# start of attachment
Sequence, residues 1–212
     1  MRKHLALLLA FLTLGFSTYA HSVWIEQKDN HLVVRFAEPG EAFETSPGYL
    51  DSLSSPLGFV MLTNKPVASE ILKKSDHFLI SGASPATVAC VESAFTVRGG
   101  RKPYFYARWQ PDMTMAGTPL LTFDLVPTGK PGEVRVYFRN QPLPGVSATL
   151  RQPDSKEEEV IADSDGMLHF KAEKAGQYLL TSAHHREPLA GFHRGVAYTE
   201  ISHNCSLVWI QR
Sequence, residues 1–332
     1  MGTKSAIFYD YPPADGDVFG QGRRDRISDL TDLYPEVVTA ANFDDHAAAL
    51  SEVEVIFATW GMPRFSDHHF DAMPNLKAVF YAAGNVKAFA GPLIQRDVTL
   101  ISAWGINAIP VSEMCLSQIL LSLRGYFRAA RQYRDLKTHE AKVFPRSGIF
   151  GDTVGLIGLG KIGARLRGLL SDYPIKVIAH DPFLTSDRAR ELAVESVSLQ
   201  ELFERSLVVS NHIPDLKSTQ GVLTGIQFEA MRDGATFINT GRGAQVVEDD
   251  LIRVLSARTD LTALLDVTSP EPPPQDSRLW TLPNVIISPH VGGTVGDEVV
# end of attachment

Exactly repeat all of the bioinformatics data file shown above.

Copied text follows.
Sequence, residues 1–212
     1  MRKHLALLLA FLTLGFSTYA HSVWIEQKDN HLVVRFAEPG EAFETSPGYL
    51  DSLSSPLGFV MLTNKPVASE ILKKSDHFLI SGASPATVAC VESAFTVRGG
   101  RKPYFYARWQ PDMTMAGTPL LTFDLVPTGK PGEVRVYFRN QPLPGVSATL
   151  RQPDSKEEEV IADSDGMLHF KAEKAGQYLL TSAHHREPLA GFHRGVAYTE
   201  ISHNCSLVWI QR
Sequence, residues 1–332
     1  MGTKSAIFYD YPPADGDVFG QGRRDRISDL TDLYPEVVTA ANFDDHAAAL
    51  SEVEVIFATW GMPRFSDHHF DAMPNLKAVF YAAGNVKAFA GPLIQRDVTL
   101  ISAWGINAIP VSEMCLSQIL LSLRGYFRAA RQYRDLKTHE AKVFPRSGIF
   151  GDTVGLIGLG KIGARLRGLL SDYPIKVIAH DPFLTSDRAR ELAVESVSLQ
   201  ELFERSLVVS NHIPDLKSTQ GVLTGIQFEA MRDGATFINT GRGAQVVEDD
   251  LIRVLSARTD LTALLDVTSP EPPPQDSRLW TLPNVIISPH VGGTVGDEVV